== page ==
Virtual Intimacy: The Digital Age Is Creating New Definitions for Sex
Forget what you thought you knew about sex and intimacy.
One of the most discussed topics at our Future of Sex meetup in Sydney last November was virtual intimacy. As technology expands the boundaries of sex, it also raises questions about what it means to connect with another person.
It’s almost impossible not to be affected in this digital world. Both adults and young people are exploring sexuality with new forms of communication. Sex tech is opening up huge possibilities for sex and intimacy, and with it discussion on whether that’s a good thing or not.
In the videos below, three panelists from the meetup, Mark Pesce, Jacqueline Hellyer, and Catharine Lumby, speak about the impact of these widening sexual avenues.
Futurist Mark Pesce explores how the virtual realm is forcing us to rethink our ideas of intimacy, and paving the way for artificially intelligent sex partners.
“The idea that there’s this relationship between communication, and virtual reality is a form of communication, and eroticism is consistent across the entire recorded history. What we see now, sexting is a form of virtual, sexual communication—everything that we’re doing with Skype.
“But there are two things that are going on here. One is that virtual reality is also this space for projection. So things there are inherently less real. It’s more of a bardo realm, where more of what’s going on is actually going on in your head because sex is always going on in the head. But when there’s actually not another object present, it makes it all the easier to sort of hide in your head when that’s happening.
“At the same time, it also opens the door to an exploration of the types of polysexuality that are actually not even possible… You could conceivably have an erotic experience in a way with multiple entities, some of which could be AIs.”
Giving Up Old Ideas about Sex
Sex therapist Jacqueline Hellyer shares her excitement over how technology can help toss out retrograde views on sex and women’s sexuality.[box type=”shadow”][quote] A lot of what I find, certainly with my clients, is how people build on intimacy. Because so much of what has been sex in the past has been a complete repression of female sexuality and a focus on men needing to basically come, like wank inside their partners. That was our model of sex.
That kind of approach to sex is still very much, “Well, that's what sex is.” A lot of what I do in my work with people is to broaden the concept of what sex is, what intimacy is, what eroticism is, which may involve some physical coupling and shagging, but it doesn't have to. You can have a quickie if you want, or you can have hours and hours of beautiful tantric lovemaking, or long-distance Fleshlight-enabling kind of stuff. I'm excited about that because technology's already taking us away from this very, very limited view of sex that we used to have, opening it up to an understanding that hey, women are really sexual too.[/quote/][/box]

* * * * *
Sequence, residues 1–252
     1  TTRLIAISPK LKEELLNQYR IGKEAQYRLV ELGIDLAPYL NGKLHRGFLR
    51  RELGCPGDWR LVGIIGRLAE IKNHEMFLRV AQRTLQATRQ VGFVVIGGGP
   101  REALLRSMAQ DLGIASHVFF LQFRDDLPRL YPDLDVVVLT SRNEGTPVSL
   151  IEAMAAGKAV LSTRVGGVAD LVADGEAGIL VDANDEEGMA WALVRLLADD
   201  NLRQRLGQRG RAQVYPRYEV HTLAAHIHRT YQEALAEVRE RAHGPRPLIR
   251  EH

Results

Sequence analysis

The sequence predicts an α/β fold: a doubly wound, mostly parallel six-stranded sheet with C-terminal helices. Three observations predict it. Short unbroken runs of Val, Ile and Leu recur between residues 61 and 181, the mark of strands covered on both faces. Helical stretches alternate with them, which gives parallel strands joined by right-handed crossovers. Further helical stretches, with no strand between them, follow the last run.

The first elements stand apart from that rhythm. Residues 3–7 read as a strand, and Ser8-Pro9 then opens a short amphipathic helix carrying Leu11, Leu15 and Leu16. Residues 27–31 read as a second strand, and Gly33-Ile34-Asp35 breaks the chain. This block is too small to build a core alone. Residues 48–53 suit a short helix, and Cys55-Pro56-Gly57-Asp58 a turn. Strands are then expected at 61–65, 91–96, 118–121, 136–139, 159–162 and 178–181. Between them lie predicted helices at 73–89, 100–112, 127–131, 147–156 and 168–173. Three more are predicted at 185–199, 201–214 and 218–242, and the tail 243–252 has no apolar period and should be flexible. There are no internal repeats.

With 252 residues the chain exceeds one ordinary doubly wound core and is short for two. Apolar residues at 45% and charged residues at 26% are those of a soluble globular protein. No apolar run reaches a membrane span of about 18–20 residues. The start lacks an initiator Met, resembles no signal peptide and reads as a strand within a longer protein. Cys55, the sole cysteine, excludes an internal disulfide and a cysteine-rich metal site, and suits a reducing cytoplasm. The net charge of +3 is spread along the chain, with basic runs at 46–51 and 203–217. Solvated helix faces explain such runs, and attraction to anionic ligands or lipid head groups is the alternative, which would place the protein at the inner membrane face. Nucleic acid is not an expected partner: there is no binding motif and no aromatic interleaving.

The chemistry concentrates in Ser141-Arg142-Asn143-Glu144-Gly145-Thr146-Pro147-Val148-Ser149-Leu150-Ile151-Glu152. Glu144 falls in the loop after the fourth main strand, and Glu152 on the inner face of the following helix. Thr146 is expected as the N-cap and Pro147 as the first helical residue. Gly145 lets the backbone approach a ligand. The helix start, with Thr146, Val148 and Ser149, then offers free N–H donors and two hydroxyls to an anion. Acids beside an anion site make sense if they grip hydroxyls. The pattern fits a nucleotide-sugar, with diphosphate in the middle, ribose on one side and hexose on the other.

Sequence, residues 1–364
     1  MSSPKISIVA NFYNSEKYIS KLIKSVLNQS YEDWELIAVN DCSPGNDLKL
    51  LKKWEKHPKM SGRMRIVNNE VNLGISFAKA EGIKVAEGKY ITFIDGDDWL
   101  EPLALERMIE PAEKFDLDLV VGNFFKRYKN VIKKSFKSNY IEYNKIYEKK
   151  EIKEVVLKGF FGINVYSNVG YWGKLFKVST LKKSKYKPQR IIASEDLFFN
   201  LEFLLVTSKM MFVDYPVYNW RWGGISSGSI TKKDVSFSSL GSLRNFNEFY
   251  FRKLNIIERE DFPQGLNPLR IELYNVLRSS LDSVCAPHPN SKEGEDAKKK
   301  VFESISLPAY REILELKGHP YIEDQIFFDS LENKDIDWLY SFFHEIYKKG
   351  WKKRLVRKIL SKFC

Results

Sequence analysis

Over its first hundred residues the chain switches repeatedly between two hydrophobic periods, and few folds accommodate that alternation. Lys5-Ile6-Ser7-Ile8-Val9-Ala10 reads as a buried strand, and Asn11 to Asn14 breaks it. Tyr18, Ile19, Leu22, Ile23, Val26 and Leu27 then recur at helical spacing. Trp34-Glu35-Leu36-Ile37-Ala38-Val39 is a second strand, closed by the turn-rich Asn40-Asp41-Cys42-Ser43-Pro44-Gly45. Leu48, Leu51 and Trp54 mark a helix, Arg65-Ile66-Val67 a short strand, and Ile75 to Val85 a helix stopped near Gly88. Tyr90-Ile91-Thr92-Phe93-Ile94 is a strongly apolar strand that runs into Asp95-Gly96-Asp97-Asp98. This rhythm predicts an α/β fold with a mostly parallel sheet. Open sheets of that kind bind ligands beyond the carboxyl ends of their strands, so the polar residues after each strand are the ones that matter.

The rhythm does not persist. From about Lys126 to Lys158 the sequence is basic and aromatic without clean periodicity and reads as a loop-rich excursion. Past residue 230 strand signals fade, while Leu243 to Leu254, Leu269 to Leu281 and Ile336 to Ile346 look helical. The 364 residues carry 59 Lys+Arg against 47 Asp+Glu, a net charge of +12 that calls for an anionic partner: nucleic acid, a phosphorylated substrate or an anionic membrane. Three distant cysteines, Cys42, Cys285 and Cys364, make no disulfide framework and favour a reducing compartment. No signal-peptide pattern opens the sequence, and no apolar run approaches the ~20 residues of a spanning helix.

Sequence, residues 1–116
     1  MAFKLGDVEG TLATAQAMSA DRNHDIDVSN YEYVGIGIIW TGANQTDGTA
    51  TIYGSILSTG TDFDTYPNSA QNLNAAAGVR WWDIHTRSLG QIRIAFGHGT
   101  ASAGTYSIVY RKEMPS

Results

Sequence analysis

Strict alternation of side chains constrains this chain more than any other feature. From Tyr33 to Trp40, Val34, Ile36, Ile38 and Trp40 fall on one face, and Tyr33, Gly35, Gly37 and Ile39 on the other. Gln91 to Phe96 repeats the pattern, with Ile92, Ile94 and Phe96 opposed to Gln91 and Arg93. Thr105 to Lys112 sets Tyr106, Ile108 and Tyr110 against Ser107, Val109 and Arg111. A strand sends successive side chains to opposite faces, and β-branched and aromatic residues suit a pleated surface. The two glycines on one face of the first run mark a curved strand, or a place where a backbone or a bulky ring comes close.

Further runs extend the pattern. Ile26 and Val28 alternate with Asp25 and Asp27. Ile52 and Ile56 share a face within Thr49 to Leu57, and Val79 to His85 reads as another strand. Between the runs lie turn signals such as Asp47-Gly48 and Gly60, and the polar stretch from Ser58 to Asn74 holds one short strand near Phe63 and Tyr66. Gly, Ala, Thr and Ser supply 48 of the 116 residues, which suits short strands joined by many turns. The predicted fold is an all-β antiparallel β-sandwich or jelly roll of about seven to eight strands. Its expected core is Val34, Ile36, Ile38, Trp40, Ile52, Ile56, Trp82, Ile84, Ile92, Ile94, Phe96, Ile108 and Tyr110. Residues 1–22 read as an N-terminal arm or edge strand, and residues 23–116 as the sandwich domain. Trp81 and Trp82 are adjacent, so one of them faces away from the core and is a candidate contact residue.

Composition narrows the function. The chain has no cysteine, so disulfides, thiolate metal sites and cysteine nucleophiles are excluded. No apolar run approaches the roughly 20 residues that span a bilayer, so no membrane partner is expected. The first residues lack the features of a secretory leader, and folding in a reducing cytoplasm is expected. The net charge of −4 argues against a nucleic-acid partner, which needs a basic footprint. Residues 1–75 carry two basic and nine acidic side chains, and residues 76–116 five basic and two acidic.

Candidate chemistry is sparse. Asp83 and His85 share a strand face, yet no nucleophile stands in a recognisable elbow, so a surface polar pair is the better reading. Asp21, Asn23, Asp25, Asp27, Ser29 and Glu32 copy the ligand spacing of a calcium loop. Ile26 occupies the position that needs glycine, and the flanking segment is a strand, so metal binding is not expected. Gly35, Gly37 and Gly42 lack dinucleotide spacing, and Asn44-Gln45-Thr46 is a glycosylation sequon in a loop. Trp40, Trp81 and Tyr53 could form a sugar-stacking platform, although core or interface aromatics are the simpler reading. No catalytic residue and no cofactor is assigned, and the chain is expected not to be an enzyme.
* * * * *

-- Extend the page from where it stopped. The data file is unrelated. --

The Moral Panic over Teens and Sex
Professor Catharine Lumby of Macquarie University explains how teenagers are learning to manage online spaces, and that fears over pornography and hypersexuality are overblown.
“Of course, there are some hyper sexually active young teens. If it's not safe and not consensual and not ethical, these are already extant issues in the family. They won't be brought in by Facebook or sexting or anything else. But it's also interesting. I think what's new is the huge preponderance of online porn that we've talked about. I don't see that it's automatically toxic.
“What concerns me as a part of society is that there's a lot of moral panic out there. We're not doing a good job in schools. A lot of parents want to do a good job but don't know how to talk about it, don't know how to engage with their children on this. So one of the things, I do a lot of work on, is thinking about what are the techniques for that. I know that sounds very pragmatic and it's far off the AI stuff and all of that, but in a way that is a form of virtual intimacy. The good news is that the teenagers I spoke to, seem to have a very good handle on the relationship, to what is real, what is online, and what Facebook's good for and what it's not.”
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